Items by Paul Larmer
CommunityViz's powerful new planning software allows citizens to get a clear look at how planned developments will actually look in the local landscape.
Associate editor Rebecca Clarren plans to move back to the Northwest; books from Island Press; Chip Giller's on-line magazine, "Grist"; HCN's upcoming potluck at Park City, Utah; Albuquerque cemetery.
Restoring the West is not simple; summer interns; correction on location of Sand Creek Massacre; HCN goes four-color on surveys; visitors.
Busy ex-interns; staffers clean up adopted Highway 133; former intern David Havlick and HCN associate journalist Niels Sparre Nokkentved publish books; new senior editor Lolly Merrell; European readers critical of wolf management.
A metamorphic moment in the paper's history as HCN produces a story with Radio HCN; visitors; HCN business of the month; Mary Sojourner to hold reading in Paonia; upcoming environmental summit; Diane Sylvain's back surgery; April Fool correction.
Reporter Ray Ring on snowmobiles; talented West; Judge Greg Hobbs talks about water; Gosh, Hawk, we're sorry! And an update on the capital campaign.
March weather; Tom Bell wins Conservationist of the Year Award; Hal Clifford is finalist in journalism awards; Ed Marston talks about Ed Abbey; visitors and boo-boos; HCN is halfway to its goal in the "Spreading the News" fund-raising campaign.
Greg Hanscom writes from the Winter Olympics in his home town, Park City, Utah, and predicts an Olympic-sized hangover for the state; red-tailed hawk or northern goshawk? And a heart-warming letter from Dave Catterson about his late father, Paul.
Spreading the News; more opinions; HCN meeting in Las Cruces, N.M., hears about life on the border; new interns Julie Elliott and Sarah Wright.
An encounter with an almost-extinct Hawaiian bird leads the writer to wonder whether the West's own wildlife and cultures can survive, or whether the region is fated to become a museum instead of a living landscape.
HCN's wonderful senior editor, Michelle Nijhuis, moves on; visitors; unsentimental nature writing; correction on Idaho state fish.
Winter break; Ray Ring writes on Montana; good books and such; visitors; Radio HCN update; HCN gets honorable mention for John B. Oakes award.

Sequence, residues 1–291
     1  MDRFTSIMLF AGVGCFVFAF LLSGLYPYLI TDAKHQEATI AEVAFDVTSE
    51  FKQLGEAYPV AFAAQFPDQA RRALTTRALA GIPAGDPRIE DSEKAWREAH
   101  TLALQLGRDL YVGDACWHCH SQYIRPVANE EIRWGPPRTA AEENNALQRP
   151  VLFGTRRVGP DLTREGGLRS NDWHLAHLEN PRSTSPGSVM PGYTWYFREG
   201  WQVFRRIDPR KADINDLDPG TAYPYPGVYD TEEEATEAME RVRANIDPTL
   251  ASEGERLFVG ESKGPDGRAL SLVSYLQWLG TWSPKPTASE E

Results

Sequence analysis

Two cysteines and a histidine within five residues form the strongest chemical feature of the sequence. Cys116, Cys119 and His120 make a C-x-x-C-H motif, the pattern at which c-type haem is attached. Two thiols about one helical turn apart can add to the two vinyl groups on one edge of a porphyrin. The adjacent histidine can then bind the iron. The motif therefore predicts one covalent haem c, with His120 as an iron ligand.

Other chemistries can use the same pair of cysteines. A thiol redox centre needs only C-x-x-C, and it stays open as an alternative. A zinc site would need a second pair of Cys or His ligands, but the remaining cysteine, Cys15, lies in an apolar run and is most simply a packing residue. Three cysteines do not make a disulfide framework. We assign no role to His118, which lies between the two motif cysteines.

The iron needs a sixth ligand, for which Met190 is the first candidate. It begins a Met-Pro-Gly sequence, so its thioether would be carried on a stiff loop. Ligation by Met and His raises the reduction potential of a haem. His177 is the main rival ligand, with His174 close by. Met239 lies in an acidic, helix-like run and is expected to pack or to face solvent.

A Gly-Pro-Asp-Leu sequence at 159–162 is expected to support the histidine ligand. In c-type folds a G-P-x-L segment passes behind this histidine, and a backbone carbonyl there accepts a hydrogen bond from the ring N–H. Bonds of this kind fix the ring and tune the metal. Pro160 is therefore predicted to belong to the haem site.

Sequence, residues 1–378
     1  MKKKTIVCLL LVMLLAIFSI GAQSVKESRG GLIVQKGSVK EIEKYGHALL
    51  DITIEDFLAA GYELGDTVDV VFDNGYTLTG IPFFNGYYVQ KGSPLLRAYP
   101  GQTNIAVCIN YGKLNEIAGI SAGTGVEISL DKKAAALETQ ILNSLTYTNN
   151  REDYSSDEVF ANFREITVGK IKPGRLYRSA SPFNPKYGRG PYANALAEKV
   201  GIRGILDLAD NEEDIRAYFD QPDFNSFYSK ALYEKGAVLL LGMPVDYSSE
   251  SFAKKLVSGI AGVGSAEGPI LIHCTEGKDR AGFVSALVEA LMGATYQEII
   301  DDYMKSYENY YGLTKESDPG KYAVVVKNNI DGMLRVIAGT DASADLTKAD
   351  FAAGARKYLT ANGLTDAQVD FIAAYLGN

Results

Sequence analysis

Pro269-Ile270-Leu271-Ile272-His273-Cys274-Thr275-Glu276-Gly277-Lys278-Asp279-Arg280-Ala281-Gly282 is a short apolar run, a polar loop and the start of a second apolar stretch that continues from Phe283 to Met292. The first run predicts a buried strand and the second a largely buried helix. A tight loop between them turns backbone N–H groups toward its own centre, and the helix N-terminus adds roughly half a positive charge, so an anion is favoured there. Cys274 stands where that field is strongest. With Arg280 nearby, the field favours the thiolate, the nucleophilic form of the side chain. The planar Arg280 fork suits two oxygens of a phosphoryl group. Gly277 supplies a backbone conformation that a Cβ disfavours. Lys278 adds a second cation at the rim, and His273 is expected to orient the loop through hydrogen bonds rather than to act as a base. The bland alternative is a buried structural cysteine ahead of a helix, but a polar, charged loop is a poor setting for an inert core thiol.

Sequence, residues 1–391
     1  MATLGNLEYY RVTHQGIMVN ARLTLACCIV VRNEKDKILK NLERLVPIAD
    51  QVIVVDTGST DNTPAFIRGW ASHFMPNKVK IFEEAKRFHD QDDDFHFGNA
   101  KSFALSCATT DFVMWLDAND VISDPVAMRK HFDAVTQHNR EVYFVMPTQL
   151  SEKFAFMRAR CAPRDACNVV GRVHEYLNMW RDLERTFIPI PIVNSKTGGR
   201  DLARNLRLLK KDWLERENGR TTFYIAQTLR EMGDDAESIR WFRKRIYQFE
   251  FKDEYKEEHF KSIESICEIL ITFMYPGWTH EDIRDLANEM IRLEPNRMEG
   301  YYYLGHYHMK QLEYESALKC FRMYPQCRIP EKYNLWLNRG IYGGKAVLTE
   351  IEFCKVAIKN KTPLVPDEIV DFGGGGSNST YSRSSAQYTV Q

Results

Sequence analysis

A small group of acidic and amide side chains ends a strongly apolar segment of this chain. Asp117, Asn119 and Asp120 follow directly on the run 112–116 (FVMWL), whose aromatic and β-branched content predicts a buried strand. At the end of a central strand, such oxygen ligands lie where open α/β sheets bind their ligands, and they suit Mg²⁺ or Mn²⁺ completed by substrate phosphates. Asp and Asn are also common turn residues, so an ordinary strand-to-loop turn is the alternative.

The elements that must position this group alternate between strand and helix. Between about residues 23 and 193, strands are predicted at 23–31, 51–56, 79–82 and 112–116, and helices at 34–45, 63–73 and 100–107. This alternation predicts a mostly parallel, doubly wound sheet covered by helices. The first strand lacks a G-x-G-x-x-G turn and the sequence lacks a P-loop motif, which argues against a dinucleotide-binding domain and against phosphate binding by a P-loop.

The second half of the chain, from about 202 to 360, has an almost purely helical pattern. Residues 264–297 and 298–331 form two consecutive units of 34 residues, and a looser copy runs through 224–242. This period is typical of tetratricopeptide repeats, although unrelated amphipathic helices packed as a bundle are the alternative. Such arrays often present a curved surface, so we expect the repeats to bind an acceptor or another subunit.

Change from the inside out; remember Cate Gilles; more letters, please; Renny Russell and "On The Loose"; visitors; Herbert Hoover on water; sad news about Tommie Bell's death.
Former Interior Secretary Bruce Babbitt pushed collaboration as a way to save the Endangered Species Act, an approach that has helped to strengthen this strong and flexible law.
About this issue; Paonia growth battle; Peter Chilson and other visitors; tribute to Chuck Wellner; axing the fax.
A day spent helping to "bring in the water" on an irrigation ditch leads the writer to muse about the green landscapes in the dry West.
The Bonneville Power Administration has long provided the Northwest -- especially its aluminum industry -- with some of the cheapest public power, but drought, endangered salmon and the deregulated electricity market may just change all that.
June potluck; Storytelling 101 with HCN and Ira Glass; summer interns Laurel Jones and Rachel Jackson.
Feedback from readers' surveys; Jon Margolis apologizes for booboo; the many lives of Mark Matthews.
Activist Connie Harvey celebrates 70th birthday in Aspen, Colo.; visitors by modem and phone; God leads HCN subscribers; oops: HCN booboos.
The Ides of March; spring visitors; report from a land-use management seminar sponsored by FREE (Foundation for Research on Economics & the Environment).
In eight years as Interior Secretary, Bruce Babbitt has known some failures but more successes: reintroducing wolves to Yellowstone, halting the New World gold mine, and creating many national monuments, starting with the Grand Staircase-Escalante.
Electric utility deregulation and California's energy crisis hold promise and peril for the rest of the West, as conservationists seek to ensure that new energy systems are both efficient and easy on the land and water and air.
Len Ackland's book, "Making a Real Killing: Rocky Flats and the Nuclear West," gives a comprehensive and often scary history of the Rocky Flats nuclear bomb factory near Denver, Colo.
The online environmental magazine "Grist" tries to keep a sense of humor in its work as a self-described "beacon in the smog."
Thirty-year anniversary party in Boulder; High Country history; news, visitors and Suckling's first name.
- Harold Johnson on Right-wing militant charged for planting a bomb at BLM building
- James Osborn on Go ahead, control my guns
- Frances Hohl on How Outward Bound lost, and found, itself
- Dale Lockwood on Right-wing militant charged for planting a bomb at BLM building
- Karl Anderson on Evicted by climate change